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  • Dr. Mark Lee Levine, Professor

Carried Interests – Are They Subject to Ordinary Income Tax Rates or to Capital Gain Rates?

Many builders, partners, syndicators, managers, and others involved in bringing together a group of investors, whether that group is under an entity that is a limited partnership (LP), general partnership (GP), limited liability Company (LLC), or other pass through entity, have been concerned with the treatment of the promotional interest/capital share or other incentive that is to be paid to the promoter of the entity that is investing in real estate.


For purpose of this discussion, we might refer to the individual(s) that is bringing together the investment group as the Syndicator or the Promoter.


To illustrate the point of this Tip involving “carried interests,” assume a Syndicator, S, brings together investors to buy interests in an LLC that S formed to acquire an apartment building or other real estate investment. As part of the consideration to be paid to S for the efforts by S, S receives a given percentage interest in the LLC. S might also invests capital/cash in the LLC; however, in addition to such purchase by S in the LLC entity, S is being paid say a 20% interest in all payouts to the investors, payable only after all the investors have received a full return of their investment. This return may or may not also include a given priority payment to the investors of say 8% interest on their investment, prior to other payouts to the investors and S.

Because of various tax laws that have existed, along with case law, many syndicators have treated the promotional or incentive interest under two very important tax positions:


1. The promotional interest would not be taxed at the formation of the entity; and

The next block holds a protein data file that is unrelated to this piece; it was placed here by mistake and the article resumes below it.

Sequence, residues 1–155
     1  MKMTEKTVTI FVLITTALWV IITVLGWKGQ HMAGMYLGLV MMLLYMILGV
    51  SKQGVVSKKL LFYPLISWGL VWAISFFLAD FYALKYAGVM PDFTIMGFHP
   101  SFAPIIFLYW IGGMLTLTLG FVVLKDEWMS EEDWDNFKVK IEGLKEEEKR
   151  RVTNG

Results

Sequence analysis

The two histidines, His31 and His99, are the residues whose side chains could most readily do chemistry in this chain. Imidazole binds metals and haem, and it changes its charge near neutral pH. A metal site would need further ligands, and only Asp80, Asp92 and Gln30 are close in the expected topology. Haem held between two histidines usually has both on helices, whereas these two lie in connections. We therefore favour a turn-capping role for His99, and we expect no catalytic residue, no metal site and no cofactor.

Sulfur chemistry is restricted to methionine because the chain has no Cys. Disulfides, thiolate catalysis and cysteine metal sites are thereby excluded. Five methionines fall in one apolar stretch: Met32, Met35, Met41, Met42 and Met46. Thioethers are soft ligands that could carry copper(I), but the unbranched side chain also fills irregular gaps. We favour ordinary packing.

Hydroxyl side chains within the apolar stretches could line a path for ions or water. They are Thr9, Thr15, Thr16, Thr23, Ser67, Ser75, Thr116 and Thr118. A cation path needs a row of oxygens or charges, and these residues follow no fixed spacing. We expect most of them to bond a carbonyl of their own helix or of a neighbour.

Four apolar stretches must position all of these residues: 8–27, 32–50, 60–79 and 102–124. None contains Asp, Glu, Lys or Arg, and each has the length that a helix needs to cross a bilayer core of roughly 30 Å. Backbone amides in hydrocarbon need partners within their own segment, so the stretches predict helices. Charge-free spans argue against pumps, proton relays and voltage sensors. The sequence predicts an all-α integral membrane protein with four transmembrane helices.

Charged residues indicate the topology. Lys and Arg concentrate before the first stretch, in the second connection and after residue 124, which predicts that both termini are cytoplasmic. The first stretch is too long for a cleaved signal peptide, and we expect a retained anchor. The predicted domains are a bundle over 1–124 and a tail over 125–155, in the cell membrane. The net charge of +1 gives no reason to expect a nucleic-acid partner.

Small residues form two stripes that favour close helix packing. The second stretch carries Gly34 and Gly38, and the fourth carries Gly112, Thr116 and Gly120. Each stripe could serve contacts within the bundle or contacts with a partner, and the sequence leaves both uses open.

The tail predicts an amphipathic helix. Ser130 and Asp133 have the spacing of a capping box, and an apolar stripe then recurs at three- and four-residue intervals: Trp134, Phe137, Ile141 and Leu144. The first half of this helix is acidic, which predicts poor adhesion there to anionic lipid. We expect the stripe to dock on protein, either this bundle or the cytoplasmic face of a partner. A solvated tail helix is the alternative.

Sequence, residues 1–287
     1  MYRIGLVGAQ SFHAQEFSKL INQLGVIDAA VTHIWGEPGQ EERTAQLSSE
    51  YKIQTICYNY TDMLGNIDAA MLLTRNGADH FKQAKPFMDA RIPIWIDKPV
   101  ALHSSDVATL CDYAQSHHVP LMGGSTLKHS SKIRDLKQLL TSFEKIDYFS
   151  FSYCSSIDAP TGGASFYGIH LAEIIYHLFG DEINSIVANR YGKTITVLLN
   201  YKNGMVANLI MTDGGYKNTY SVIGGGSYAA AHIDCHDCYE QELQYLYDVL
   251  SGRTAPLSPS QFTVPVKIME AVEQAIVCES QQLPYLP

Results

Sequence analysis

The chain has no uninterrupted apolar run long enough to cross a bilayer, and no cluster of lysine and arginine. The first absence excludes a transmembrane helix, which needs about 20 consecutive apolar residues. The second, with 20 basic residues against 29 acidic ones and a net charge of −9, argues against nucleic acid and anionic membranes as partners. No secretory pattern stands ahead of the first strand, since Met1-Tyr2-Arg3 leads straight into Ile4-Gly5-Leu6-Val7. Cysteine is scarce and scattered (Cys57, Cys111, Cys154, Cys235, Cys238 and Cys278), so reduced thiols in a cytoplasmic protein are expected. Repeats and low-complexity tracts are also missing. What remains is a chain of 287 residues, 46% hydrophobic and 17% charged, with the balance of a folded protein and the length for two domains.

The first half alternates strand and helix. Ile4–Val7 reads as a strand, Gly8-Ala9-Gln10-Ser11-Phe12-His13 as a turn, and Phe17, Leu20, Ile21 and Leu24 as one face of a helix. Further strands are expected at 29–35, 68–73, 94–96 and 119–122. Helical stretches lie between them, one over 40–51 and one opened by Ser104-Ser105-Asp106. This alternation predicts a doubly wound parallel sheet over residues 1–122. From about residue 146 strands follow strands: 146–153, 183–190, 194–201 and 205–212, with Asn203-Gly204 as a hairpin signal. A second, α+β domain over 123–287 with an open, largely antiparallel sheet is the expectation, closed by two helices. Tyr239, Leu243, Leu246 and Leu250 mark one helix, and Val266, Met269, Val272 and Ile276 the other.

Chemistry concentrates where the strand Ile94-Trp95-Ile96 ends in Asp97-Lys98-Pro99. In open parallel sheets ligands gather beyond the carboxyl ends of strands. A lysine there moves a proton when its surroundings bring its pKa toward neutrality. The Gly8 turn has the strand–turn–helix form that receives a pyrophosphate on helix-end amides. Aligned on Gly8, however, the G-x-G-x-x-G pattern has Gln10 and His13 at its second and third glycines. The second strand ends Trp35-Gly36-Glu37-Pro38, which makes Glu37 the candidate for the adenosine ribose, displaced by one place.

2. The promotional interest, if ultimately paid to the S, would be taxed at the tax rate applicable to long term capital gains and not as ordinary income.


There has been opposition to this treatment. The IRS had taken the position that the amounts should be currently taxed; and, such amounts were payments for services and thus should generate ordinary income, not long term capital gain treatment.


To emphasize these points based on the example given above, the S’s position was that the tax payable on the incentive interest, the 20% interest noted above, would be taxed only when and if the S actually received any payment of the incentive interest. Thus, it would not be taxed currently, when the entity was formed.


Further, the S would pay tax on such incentive payments by paying tax as computed on long term capital gain, not ordinary income.


Once again, the IRS opposed these two positions. Congress supported this concern and treatment by the IRS. Congress passed Section 83 of the Internal Revenue Code to tax the incentive payment in some circumstances. Under this rule, Section 83 (a) stated:


(a) General rule. --If, in connection with the performance of services, property is transferred to any person other than the person for whom such services are performed, the excess of--


(1)  the fair market value of such property (determined without regard to any restriction other than a restriction which by its terms will never lapse) at the first time the rights of the person having the beneficial interest in such property are transferable or are not subject to a substantial risk of forfeiture, whichever occurs earlier, over


(2)  the amount (if any) paid for such property,

shall be included in the gross income of the person who performed such services in the first taxable year in which the rights of the person having the beneficial interest in such property are transferable or are not subject to a substantial risk of forfeiture, whichever is applicable. ….”